So, God Made A Farmer's Daughter

So, God Made A Farmer's Daughter

Paul Harvey had it right with "So, God Made a Farmer," but now I'm going to tell you about the farmer's daughter.

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And on the ninth day, God looked down on his planned paradise and said, “I need someone to have a kind heart full of compassion and a spirit as free as a wild mustang and as old as time." So, God made a farmer's daughter.

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God said I need somebody to sit on the armrest of the tractor while her father runs the disc, get up before school to feed the animals and listen to her teachers' lessons, bring the cattle in from pasture, help her mother cook supper and then go to town to her high school FFA meeting and stay up past midnight working on homework. So, God made a farmer's daughter.

I need somebody with a strong mind and gentle soul. Strong enough to hold a kicking calf to tag, yet gentle enough to calm a heifer delivering her first baby and get it to nurse. Somebody to call in cattle by yelling “boss," lighten the mood between tired farm hands after a long day, come home to hug her mother and help with her siblings and set the table and clean the dishes. So God made a farmer's daughter.

God said “I need somebody who gets knocked down by a horse and stands up, dusts off the dirt from her jeans and the tear from her eye and climbs back in the saddle. Someone to return to the field after school to plant seeds, drive from field to field with only a farmer's driving permit and a phone book to sit on. And who, during harvest season, will sacrifice nights out with friends and days by the pool to help her dad cut crops, sweep out grain bins in triple-digit heat, deliver meals to the field, and finish a forty hour week by Tuesday noon. So, God made a farmer's daughter.

God had to have somebody patient enough to halter break a new colt and spend countless hours training a show steer for months to prepare for the county show, and still be understanding enough to accept the way of life as she loads him into the buyer's trailer, gives him one last pet, and wipe the tears off her face as she watches the headlights disappear down the road. So, God made a farmer's daughter.

God said, “I need somebody strong enough to build a fence, heave bales and yet gentle enough to tame lambs and wean pigs and tend to the calf who lost his mother and his foot to that winter's frost…and who will stop the combine for an hour to mend the baby deer hiding in the wheat field despite knowing her father will be yelling on the two-way to keep the machinery running. So, God made a farmer's daughter.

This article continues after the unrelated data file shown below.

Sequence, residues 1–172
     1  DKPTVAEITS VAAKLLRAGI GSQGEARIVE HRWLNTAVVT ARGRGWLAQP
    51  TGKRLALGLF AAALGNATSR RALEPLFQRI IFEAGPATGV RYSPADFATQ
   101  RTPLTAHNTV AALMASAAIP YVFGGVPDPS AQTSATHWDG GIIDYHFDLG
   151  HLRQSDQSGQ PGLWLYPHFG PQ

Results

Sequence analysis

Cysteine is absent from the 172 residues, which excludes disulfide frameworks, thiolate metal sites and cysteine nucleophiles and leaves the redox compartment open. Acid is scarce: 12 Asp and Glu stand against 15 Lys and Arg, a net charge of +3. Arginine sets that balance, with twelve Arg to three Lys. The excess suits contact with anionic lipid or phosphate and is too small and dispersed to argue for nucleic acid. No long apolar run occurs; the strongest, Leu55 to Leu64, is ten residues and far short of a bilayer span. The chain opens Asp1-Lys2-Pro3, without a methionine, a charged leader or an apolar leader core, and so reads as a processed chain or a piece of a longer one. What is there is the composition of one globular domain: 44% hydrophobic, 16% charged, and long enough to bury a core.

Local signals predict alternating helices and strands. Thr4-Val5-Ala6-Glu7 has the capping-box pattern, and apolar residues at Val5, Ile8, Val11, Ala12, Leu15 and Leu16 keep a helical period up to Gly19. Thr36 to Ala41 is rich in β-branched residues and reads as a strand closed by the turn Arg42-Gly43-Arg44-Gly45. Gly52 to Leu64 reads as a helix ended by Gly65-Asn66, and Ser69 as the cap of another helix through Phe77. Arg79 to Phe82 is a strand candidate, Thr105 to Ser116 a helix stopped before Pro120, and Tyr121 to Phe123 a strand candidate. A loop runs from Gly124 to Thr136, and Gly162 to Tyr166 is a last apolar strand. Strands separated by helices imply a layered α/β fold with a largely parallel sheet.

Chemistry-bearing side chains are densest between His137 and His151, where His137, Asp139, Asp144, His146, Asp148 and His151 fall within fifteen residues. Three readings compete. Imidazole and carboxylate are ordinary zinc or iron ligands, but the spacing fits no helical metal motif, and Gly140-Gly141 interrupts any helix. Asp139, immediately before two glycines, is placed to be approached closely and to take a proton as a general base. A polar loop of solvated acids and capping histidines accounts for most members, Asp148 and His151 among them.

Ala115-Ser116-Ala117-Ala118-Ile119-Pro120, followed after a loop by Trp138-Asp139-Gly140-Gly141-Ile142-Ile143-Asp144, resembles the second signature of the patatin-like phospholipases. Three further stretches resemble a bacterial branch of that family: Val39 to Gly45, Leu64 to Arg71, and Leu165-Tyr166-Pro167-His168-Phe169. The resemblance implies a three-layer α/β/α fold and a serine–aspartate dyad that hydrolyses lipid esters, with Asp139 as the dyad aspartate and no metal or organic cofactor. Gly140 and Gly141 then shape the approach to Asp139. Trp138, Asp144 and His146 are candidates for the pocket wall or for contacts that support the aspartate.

I need someone who won't back away from a challenge and will face her fears head on and learn from failures and not give up. Somebody unafraid of getting dirty and cleans up well before going to church and volunteer for the town's pancake feed. And who keeps involved in her community and knows her priorities and stays disciplined enough to know her chores must be done before the evening activities. So God made a farmer's daughter.

It had to be somebody who'd keep on the straight and narrow, not cut corners, and stay hard-working and determined and restore faith in her generation into the minds of elders. Somebody to speak, share, and advocate for agriculture and farmer's rights …and show the world the truth behind the lies of animal activists groups. Somebody not easily discouraged and mindful of others and who'd bond a community together with the heart of sharing and compassion for thy neighbor, who'd laugh and then sigh…and then tell her dad with bright eyes and a proud smile, she wants to spend her life “supporting what dad does". So, God made a farmer's daughter.

Cover Image Credit: In Between the Sunsets of Life

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To The Friends I Won't Talk To After High School

I sincerely hope, every great quality I saw in you, was imprinted on the world.
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Hey,

So, for the last four years I’ve seen you almost everyday. I’ve learned about your annoying little brother, your dogs and your crazy weekend stories. I’ve seen you rock the awful freshman year fashion, date, attend homecoming, study for AP tests, and get accepted into college.